Evan Silva


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Matchups: Can't Stop the Pack

Friday, September 10, 2010

As explained in Tuesday's Pancake Blocks breakdown of Thursday night's opener, the objective of this column is to appeal to readers willing to consider, more deeply, those factors that may or may not cause fantasy players to have favorable or unfavorable matchups. This article is for the fantasy leaguer looking to gain an extra edge.

16-plus hours per week go into the formulation of the Matchups breakdown. I place an emphasis on statistics, re-watching of games, tendencies, injuries, and roster turnover. This year, I've enlisted assistance from the analysis-based website Profootballfocus.com, which presents in-depth charting data for each player in the league, offensive and defensive.

The column received consistently positive feedback last season, and my goal is to take it to another level this year. For questions, arguments, and suggestions, contact me on my Twitter account, @evansilva.

1:00PM ET Games

Denver @ Jacksonville

Jacksonville's passing game takes the field against one of the best secondaries in football. The Broncos ranked third in pass defense last year, and return all four starters. Historically, David Garrard is a better home than away quarterback, but he's not on the QB1 radar. ... The year-ending loss of Elvis Dumervil puts much more pressure on Denver's DBs, however, and opponents will be able to exploit the heavily downgraded pass rush by going deep. Mike Sims-Walker is the Jags' lone vertical receiver. Don't expect a ton of catches, but 80-plus yards is doable. He's a strong WR2.

New starting flanker Mike Thomas will be used underneath, sliding into the slot when Jarett Dillard enters for three-receiver sets. Thomas, who averaged 9.5 yards per catch as a rookie, averaged 9.1 this preseason. He might catch 5-6 balls, but won't be a great bet to top 50 yards. ... Maurice Jones-Drew's knee injury is concerning, as is the demotion of top run-blocking lineman Vince Manuwai in favor of Justin Smiley. But you can't sit MJD against Denver. The Broncos had the worst run defense in the league during the preseason. ... Marcedes Lewis had a nice training camp, but did little in exhibition games. He's a block-first tight end until proven otherwise.

Eddie Royal was Denver's best receiver last preseason, only to disappear as a sideline-running decoy in the real games. Jabar Gaffney has taken hold of the No. 1 receiver job, at least until Demaryius Thomas (foot) is healthy. Gaffney poured six catches for 98 yards on Detroit in the second preseason game. Don't expect big plays, but he's a worthwhile WR3 in PPR leagues. ... Jacksonville's secondary will be among the NFL's worst this year, and red-hot Kyle Orton should capitalize as a high-end QB2. The Jags are starting former draft bust Anthony Smith and special teamer Sean Considine at safety. The nickel back is practice squad-type William Middleton.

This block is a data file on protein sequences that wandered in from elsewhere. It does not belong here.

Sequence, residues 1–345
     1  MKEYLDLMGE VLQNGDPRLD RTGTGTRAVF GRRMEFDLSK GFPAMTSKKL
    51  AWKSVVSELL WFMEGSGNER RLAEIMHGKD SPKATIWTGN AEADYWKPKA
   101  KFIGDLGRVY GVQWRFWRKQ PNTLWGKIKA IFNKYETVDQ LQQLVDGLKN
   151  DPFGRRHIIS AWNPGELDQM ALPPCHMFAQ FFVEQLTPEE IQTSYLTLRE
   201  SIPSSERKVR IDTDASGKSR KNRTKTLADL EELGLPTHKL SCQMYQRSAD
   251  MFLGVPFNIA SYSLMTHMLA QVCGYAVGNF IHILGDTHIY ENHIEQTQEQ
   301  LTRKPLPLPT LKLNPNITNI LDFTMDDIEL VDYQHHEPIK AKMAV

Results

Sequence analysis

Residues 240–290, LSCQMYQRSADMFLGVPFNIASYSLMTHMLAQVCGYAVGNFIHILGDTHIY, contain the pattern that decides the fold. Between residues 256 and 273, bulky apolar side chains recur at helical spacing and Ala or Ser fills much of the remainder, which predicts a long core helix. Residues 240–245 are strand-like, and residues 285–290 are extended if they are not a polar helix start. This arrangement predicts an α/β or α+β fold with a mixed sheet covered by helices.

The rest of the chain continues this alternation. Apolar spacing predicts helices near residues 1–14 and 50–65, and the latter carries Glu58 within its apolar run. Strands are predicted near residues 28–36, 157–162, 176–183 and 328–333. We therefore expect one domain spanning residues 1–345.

The word in Denver is that Knowshon Moreno will be "eased in" after a camp-long hamstring strain. It's the best move for the Broncos. Correll Buckhalter, more productive on a per-touch basis last year, is 100 percent and looked spry on a 15-yard swing pass in the preseason finale. Moreno and Buckhalter may make each other weak fantasy plays early in the season, even in favorable matchups. ... You know not to start Denver tight ends. Shoot, can you even name one?

Oakland @ Tennessee

Oakland has remade its defense, targeting a pressure-heavy design especially at linebacker. They figure to remain vulnerable on the ground, however, as run support has never been a strong suit for OLBs Kamerion Wimbley and Quentin Groves. Chris Johnson will explode after a quiet preseason. ... Jeff Fisher threatened last week to deactivate Kenny Britt for a multitude of mental errors and drops in exhibition action. Britt was unable to pass Justin Gage on the depth chart in August, so keep him saddled to the end of your bench. Lacking upside, Gage belongs there too.